The results produced by MALLET can be difficult to understand. For historians, some sense to the results can be injected when we consider the time dimension. In Nelson’s work, he plotted the resulting topics according to the date of publication of the original documents. Thus, he is able to tell a complex and nuanced story about, for instance, the interplay of fugitive slaves with the labour market of civil war Richmond:
Could it be that enslaved African American men and women destabilized the slave hiring market by using the chaos of war mobilization in and around Richmond to run away in increasing numbers? This is a question that can be formulated from but not answered by these graphs alone, that will require using more traditional research methods to investigate. But the question itself suggests the value of topic modeling. Topic modeling and other distant reading methods are most valuable not when they allow us to see patterns that we can easily explain but when they reveal patterns that we can’t, patterns that surprise us and that prompt interesting and useful research questions.
Another way of visualizing the relationships suggested by MALLET’s output is to think of them as networks of ideas. It is trivial to turn a spreadsheet of documents-and-constituent-topics into a two-mode network visualization (document tied to topic), as Meeks does here (and Graham does here, using Gephi.) Ted Underwood explores in more depth other ways of visualizing topic model output here.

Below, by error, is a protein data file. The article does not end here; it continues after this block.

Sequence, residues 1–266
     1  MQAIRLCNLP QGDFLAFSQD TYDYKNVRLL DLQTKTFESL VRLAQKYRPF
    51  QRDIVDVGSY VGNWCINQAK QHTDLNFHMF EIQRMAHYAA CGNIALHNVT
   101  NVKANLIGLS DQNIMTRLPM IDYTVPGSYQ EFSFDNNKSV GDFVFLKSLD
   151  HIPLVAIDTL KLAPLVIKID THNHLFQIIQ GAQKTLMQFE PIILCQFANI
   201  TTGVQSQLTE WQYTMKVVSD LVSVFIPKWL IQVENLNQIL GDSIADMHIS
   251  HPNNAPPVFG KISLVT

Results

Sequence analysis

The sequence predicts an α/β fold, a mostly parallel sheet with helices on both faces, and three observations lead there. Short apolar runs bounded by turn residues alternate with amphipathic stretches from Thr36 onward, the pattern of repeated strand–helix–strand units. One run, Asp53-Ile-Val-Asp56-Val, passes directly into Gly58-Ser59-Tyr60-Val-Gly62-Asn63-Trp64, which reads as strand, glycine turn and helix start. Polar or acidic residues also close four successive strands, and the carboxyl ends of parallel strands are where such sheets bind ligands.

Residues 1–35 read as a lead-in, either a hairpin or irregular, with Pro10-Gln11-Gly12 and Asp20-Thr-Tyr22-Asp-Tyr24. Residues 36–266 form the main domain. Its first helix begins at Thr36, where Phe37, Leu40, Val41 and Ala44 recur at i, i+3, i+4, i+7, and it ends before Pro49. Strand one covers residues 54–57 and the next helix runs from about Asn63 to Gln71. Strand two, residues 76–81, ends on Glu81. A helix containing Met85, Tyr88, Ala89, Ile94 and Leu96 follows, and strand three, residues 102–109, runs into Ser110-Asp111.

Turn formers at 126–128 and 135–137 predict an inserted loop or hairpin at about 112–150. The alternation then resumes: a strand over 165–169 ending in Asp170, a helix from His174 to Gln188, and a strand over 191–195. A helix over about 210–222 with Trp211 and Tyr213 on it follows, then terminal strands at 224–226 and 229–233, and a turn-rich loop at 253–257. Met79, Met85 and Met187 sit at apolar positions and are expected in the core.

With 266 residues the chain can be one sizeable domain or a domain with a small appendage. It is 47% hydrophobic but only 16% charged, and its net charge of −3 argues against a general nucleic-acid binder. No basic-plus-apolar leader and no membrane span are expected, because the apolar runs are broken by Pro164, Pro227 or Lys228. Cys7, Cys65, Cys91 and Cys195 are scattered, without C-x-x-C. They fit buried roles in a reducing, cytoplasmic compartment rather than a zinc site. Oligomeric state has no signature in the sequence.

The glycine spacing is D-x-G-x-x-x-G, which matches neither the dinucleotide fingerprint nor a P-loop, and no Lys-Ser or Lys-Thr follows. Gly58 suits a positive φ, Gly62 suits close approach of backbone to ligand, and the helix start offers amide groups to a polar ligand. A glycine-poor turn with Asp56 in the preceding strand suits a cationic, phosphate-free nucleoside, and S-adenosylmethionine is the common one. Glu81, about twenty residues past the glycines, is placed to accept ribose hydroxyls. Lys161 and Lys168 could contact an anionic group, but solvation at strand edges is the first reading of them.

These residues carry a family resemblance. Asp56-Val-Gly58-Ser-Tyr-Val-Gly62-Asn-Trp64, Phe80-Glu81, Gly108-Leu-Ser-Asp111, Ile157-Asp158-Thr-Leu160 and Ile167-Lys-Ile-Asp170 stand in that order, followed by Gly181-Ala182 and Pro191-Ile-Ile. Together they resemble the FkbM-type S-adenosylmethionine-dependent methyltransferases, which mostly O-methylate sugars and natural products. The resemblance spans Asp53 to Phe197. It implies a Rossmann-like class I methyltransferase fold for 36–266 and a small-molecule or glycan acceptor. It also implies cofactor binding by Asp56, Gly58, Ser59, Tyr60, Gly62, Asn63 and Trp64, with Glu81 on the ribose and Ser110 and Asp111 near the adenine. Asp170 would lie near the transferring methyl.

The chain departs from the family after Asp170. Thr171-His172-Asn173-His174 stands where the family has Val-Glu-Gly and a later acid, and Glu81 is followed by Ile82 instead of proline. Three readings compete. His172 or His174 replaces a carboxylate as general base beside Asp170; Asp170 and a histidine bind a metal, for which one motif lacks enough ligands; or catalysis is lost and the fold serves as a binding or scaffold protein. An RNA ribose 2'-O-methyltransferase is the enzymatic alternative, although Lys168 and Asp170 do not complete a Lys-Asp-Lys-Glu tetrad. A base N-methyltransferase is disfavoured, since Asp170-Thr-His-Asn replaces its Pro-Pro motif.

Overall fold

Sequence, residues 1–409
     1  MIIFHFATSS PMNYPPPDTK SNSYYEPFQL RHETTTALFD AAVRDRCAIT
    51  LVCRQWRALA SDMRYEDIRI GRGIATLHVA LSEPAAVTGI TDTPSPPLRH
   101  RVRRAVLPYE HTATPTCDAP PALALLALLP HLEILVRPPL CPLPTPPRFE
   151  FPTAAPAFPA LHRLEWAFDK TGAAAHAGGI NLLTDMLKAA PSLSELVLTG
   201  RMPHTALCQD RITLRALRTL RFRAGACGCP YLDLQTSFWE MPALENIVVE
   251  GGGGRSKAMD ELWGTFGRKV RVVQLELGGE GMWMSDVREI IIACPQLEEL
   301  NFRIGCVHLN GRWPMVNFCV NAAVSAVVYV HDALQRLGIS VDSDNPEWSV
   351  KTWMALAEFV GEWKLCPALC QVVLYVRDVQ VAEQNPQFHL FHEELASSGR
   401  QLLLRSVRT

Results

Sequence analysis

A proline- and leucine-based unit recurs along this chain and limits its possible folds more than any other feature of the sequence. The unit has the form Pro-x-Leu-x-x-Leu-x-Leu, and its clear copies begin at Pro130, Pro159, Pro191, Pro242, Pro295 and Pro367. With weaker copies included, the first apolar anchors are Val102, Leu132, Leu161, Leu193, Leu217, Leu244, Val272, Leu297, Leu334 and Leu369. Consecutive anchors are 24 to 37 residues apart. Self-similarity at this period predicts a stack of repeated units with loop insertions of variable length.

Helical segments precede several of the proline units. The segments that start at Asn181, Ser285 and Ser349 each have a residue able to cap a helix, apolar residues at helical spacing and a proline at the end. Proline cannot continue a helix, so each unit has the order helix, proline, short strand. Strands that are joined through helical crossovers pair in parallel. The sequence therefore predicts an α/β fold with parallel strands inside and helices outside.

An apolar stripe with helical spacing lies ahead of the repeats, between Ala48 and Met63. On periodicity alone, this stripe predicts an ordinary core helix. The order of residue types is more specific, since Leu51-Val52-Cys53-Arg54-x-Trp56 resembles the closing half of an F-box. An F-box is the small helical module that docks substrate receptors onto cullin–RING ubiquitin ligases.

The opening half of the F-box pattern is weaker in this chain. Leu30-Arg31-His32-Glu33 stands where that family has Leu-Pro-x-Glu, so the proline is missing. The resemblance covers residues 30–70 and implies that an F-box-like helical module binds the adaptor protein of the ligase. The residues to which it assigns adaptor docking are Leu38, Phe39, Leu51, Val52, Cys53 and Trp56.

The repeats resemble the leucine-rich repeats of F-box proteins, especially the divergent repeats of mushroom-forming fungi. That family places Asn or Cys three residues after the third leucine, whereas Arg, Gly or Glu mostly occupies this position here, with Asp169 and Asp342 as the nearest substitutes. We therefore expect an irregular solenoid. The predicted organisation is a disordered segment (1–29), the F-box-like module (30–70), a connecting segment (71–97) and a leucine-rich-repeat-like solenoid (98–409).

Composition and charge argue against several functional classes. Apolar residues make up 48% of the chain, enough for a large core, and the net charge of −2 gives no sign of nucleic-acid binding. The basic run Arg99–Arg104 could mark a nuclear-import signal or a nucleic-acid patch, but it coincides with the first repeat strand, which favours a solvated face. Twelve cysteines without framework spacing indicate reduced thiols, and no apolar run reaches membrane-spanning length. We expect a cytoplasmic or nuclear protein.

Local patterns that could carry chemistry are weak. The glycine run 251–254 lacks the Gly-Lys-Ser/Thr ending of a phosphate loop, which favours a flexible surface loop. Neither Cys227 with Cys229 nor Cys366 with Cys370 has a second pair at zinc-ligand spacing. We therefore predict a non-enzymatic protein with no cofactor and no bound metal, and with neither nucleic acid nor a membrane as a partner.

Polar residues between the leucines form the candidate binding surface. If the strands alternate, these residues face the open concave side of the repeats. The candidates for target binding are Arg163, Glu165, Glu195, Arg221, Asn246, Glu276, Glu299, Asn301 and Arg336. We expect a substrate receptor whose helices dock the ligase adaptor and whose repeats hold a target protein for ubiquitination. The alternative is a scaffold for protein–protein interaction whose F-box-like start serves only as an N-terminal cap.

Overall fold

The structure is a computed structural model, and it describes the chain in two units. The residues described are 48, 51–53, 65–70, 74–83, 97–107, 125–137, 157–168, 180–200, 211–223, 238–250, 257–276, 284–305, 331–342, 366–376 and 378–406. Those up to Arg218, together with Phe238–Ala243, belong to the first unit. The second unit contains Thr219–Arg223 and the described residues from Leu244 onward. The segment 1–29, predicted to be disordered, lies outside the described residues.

MALLET isn’t perfect. The most trenchant criticism of it is its steep learning curve. Indeed there are “hidden steps” (which perhaps form tacit knowledge for computer scientists and power users but can be completely opaque for humanists) — for instance, MALLET must be installed directly on the computer’s C:\ drive (and not in a subfolder). Nowhere in the documentation is this stated. As installed from the website, it is a command line-only program, which requires technical familiarity. Compounding that is a fairly short and abbreviated documentation. While the basics are more or less provided, they often require further investigation and exploration to fully understand (it is also possible to get MALLET to provide diagnostics on its analysis).
Beyond alienating novice users, the lack of documentation raises significant methodological issues. Relying only on MALLET’s documentation, a user would not see discussions of how many topics are appropriate, how many sampling iterations you should use, how it should be optimized, and how you can read diagnostic outputs. These variables have a significant effect on outputs. Poor documentation does not simply affect usability, but also whether the tool can be consistently used and its ability to generate the most useful and rigorous results available. There is a user mailing list for MALLET, but it can be somewhat intimidating for the novice user. For users coming from the humanities, a forum such as Digital Humanities Questions and Answers might be more appropriate, at least initially.